Choose your own Spanish dance class.
Despite its status as a corporate meeting platform, Zoom has offered up a surprising number of possibilities and potential as a medium for theatre. For performer Qotn. Van Su Yun, director Adeeb Fazah, and writer Nah Dominic, it’s become a prime means of experimentation when it comes to storytelling in the pandemic season, as seen in their new work Broken Turns.
Taking the form of a performance-lecture, Su Yun is the only performer as she teaches audience members about the surprisingly diverse nature of Spanish dance, going beyond flamenco to introduce a range of other forms to us. Streamed live from a dance studio, naturally, she also demonstrates these dances for us, complete with traditional costumes and accompanying music.
The twist to all of this is that she only has time to perform a select number of dances, something the audience has to vote on (via polling) to decide how exactly the show will progress. It’s not particularly complicated, as it’s really just making a choice between two options at various stages of the performance, and earlier decisions do not affect later options. However, the experience does differ slightly based on which choice you make – including the story each dance is followed up by.
Broken Turns, you see, doesn’t just refer to a type of move that Spanish dances use in choreography, but also literally refers to the physical and psychological breakages and damage Su Yun has gone through in life. On the surface, she’s confident, well-spoken, and knowledgeable in her craft. But as she reveals between demonstrations, the sum of parts that makes up Su Yun includes plenty of pain.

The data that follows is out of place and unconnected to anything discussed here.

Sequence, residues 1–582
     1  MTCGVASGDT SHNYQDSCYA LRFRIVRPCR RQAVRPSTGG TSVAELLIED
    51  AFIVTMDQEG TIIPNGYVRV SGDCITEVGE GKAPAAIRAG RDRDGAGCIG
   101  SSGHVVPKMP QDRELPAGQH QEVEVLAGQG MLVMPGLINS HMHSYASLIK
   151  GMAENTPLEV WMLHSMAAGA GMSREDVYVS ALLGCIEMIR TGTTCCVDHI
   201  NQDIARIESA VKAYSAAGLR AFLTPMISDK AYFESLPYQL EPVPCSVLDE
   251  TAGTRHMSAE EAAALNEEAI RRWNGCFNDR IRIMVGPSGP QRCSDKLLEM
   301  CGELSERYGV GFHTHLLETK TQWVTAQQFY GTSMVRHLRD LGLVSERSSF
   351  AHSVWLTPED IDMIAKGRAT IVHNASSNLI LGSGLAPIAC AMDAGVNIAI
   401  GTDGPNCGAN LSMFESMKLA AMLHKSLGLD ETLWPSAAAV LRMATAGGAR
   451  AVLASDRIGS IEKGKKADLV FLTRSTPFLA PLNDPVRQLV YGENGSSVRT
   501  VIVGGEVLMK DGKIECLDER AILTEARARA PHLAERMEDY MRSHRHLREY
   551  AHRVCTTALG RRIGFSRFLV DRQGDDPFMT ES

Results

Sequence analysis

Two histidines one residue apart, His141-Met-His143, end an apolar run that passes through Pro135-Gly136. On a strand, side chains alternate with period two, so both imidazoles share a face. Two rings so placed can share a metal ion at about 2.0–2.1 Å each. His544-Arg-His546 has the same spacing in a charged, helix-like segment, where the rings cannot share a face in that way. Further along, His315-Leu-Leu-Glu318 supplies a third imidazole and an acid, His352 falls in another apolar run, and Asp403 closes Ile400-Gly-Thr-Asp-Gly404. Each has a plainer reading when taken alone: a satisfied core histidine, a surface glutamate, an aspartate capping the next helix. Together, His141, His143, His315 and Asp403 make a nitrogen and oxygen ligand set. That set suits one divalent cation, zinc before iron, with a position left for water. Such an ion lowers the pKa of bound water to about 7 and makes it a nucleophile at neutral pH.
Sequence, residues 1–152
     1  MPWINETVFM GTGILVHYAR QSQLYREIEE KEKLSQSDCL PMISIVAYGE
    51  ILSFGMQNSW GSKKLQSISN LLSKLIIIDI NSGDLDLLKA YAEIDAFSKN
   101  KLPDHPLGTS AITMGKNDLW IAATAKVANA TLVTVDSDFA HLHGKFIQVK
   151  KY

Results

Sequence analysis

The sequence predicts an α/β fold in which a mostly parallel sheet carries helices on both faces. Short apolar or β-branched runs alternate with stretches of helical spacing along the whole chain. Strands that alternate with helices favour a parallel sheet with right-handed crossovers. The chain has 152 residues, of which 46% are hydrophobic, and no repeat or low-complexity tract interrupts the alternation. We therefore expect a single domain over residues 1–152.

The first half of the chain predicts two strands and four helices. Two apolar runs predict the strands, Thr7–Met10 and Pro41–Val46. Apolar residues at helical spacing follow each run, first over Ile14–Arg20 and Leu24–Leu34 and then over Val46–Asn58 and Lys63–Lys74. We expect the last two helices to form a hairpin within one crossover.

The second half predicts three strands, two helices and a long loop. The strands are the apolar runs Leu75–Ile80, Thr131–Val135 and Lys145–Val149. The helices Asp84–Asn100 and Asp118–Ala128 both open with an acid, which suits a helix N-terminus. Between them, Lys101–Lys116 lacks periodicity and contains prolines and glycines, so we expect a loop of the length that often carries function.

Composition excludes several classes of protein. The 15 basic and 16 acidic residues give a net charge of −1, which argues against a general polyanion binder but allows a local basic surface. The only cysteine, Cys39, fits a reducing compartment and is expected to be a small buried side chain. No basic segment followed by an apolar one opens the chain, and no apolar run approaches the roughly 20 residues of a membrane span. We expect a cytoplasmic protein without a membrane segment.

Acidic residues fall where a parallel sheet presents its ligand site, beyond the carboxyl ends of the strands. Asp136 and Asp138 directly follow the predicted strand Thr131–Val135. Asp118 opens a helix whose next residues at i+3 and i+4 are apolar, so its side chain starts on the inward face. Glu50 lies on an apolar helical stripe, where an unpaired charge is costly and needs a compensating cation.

There are literally moments she expresses bodily pain from the physical demands of dancing, where she places an ice pack on her knee at one point. At others, she delves into her own history, and how she’s faced her own issues with sexism, particularly to do with misinterpretations of her personality. Other moments include discussing her Spanish dance teacher and the Spanish dance community, to aid audiences in understanding not just the dance types themselves, but also the context in which they were brought to Singapore.
Dramaturgically speaking, while the anecdotes and stories Su Yun shares are deeply personal, the links between the lesson and the stories are ultimately tangential. and could exist independently of each other. The dances then, as accomplished as they are, simply serve to provide a visual element to the performance to break up the monotony of a monologue. In a similar manner, the idea of audience choice isn’t explored or tied in as strongly to the narrative itself, where we never really feel our choices have that much of an impact on the performance itself. We feel for her at times, but are rarely given space to process her pain – she tends to brush it aside and move on to the next segment as quickly as she opens up about herself.
Nonetheless, as an experiment in form, Broken Turns shows us the possibilities Zoom offers as a medium for theatre. It is of note that the production uses not one but two cameras when Su Yun is performing, allowing us to experience two views of her to better appreciate the dance. By its end we are certainly left more learned about the varieties of Spanish dance there are, our interest piqued. Art and pain are intrinsically linked, but Broken Turns seems to just scratch at the surface of this idea, and we wonder if this was the right show to bring out Su Yun’s story.
Broken Turns played from 26th to 28th March 2021 on Zoom.